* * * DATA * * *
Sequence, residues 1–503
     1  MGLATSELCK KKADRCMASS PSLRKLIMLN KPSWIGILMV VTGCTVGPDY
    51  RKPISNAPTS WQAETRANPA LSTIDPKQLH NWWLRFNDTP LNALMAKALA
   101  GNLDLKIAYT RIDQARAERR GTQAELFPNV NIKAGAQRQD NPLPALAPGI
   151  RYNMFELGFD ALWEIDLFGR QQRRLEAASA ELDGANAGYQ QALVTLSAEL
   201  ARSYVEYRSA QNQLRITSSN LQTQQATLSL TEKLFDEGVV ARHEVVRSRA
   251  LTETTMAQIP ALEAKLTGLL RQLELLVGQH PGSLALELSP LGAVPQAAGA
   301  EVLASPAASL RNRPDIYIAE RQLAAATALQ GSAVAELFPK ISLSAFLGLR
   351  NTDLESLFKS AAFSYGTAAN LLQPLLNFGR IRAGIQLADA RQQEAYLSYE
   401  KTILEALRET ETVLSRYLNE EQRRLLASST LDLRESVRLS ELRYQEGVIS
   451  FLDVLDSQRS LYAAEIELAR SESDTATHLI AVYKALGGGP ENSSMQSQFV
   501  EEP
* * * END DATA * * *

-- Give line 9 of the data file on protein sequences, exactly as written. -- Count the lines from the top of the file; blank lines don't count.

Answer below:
   351  NTDLESLFKS AAFSYGTAAN LLQPLLNFGR IRAGIQLADA RQQEAYLSYE